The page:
ASSAM’S BTAD MAY FACE GOVERNOR’S RULE
27, Apr 2020
Prelims level : Governance - Institutional Reforms Mains level : GS-II Functions and responsibilities of the Union and the States, Issues and challenges Pertaining to the Federal Structure, Devolution of Powers and Finances up to local levels and Challenges therein.
Why in News?
- The COVID-19 pandemic may earn Governor’s rule for the Bodoland Territorial Area Districts (BTAD) in Assam.
- BTAD includes four districts of western and northern Assam which comprises of Kokrajhar, Chirang, Baksa and Udalguri.
- The State’s Governor is the constitutional head of the BTAD that falls under the Sixth Schedule of the Constitution and is administered by the Bodoland Territorial Council (BTC).
- The BTAD and other areas mentioned under the Sixth Schedule of the Constitution were also exempted from the Citizenship (Amendment) Act (CAA), 2019 which was passed recently.
- Bodoland Territorial Region (BTR) would include the villages which are dominated by Bodos but are outside BTAD presently. Villages with non-Bodo population would be excluded from it.
- Bodos living in the hills are conferred a Scheduled Hill Tribe status.
- Bodo language with Devanagari script is the associate official language for the entire Assam.
Who are these Bodos?
- Bodos are the single largest community among the notified Scheduled Tribes in Assam. Bodos are a part of Bodo-Kachari and constitute about 5-6% of Assam’s population.
- The first organised demand for a Bodo state came in 1967-68.
- The Assam Accord of 1985, gave rise to Bodo aspirations and in 1987, ABSU revived the Bodo statehood demand.
- Bodo Security Force which arose in 1986 as an armed group renamed itself NDFB, and later split into factions.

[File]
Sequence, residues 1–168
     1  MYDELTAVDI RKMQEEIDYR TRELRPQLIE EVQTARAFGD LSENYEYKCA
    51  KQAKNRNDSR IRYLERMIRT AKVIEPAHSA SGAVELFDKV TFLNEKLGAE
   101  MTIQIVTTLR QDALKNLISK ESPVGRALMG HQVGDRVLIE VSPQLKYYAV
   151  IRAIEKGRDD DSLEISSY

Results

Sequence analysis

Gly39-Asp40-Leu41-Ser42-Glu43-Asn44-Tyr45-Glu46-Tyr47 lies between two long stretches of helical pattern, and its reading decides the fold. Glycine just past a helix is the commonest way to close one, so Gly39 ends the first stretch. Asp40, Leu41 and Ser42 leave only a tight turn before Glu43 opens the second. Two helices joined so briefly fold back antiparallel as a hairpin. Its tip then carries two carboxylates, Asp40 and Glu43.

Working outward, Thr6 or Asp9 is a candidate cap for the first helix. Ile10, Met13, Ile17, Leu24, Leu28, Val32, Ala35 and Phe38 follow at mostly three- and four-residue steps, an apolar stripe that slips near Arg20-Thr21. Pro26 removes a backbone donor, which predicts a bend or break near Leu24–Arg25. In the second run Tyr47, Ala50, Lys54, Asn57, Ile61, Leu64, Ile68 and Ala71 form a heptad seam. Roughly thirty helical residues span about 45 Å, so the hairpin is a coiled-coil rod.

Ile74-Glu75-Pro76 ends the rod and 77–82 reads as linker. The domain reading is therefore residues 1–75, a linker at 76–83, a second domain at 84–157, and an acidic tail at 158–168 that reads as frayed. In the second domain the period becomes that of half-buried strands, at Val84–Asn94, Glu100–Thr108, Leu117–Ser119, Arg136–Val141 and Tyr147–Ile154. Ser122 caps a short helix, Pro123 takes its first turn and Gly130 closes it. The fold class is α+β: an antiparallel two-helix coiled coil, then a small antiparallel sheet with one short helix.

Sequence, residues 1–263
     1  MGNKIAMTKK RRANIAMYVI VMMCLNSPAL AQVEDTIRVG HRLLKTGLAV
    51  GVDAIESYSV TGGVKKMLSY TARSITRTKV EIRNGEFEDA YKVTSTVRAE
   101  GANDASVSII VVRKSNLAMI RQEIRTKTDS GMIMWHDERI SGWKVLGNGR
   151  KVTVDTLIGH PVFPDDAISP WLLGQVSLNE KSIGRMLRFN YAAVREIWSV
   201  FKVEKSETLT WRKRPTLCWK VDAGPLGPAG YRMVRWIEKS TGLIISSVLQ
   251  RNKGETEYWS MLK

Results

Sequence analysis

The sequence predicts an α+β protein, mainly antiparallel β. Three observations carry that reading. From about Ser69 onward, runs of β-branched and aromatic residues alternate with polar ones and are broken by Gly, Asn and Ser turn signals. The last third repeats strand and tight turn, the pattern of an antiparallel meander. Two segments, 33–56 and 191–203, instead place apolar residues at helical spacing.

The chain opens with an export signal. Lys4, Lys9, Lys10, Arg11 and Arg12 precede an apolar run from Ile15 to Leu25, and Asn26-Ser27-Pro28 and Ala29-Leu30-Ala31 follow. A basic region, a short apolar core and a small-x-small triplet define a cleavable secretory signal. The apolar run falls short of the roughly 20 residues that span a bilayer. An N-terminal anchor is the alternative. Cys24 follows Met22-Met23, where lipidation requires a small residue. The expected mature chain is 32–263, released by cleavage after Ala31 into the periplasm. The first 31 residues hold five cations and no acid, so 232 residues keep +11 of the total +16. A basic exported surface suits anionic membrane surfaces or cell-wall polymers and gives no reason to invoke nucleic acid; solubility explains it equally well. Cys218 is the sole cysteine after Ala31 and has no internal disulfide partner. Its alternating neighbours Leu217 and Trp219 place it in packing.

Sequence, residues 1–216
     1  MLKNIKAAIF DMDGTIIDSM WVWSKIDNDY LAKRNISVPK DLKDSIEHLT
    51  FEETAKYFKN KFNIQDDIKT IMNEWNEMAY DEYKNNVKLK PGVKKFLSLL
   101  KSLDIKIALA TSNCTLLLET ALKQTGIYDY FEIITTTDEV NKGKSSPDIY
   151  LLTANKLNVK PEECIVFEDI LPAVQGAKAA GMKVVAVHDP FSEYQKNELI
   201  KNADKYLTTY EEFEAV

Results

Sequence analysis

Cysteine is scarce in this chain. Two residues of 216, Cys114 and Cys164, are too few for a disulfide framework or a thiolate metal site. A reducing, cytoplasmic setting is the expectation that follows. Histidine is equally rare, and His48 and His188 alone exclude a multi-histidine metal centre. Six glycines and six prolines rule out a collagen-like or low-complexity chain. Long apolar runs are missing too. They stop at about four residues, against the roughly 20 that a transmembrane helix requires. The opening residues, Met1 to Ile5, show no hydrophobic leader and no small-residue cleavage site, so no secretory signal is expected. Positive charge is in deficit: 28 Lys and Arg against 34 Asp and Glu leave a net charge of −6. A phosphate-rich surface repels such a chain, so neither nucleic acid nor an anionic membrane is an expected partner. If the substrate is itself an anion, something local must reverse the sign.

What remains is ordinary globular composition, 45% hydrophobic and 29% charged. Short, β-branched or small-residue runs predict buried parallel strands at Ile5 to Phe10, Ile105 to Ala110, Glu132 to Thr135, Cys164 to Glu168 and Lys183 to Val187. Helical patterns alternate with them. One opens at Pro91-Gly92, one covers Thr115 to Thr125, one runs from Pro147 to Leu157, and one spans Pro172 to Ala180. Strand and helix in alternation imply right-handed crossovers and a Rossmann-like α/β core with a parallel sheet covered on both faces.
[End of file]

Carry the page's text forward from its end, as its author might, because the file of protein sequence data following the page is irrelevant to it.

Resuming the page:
- The first Bodo accord was signed with the ABSU in 1993. It led to the creation of the Bodoland Autonomous Council (BAC) with some limited political powers.
- In 2003, the second Bodo Accord was signed by the extremist group Bodo Liberation Tiger Force (BLTF), the Centre and the state. This led to the creation of BTC, which is an autonomous body under the Sixth Schedule of the Constitution.
What is the Issue Now?
- Elections were scheduled to be held for the BTC on April 4 but were deferred indefinitely in view of the pandemic. The council’s current term expires on April 27.
- One of the delegation argued that the pandemic and its aftermath would make it impossible to hold the elections in the near future. So they asked for the Governor’s rule in BTAD.
- The Bodoland People’s Front (BPF), which has been ruling BTC since its creation in 2003 on the other hand, wants the term extended by six months or elections held soon.
- The election can be conducted as BTAD does not have a single COVID-19 case, but it is also risky to conduct elections for the BTC which may put many lives in danger.
- If the election is not conduced, then the Governor’s rule would be imposed until the election is conducted.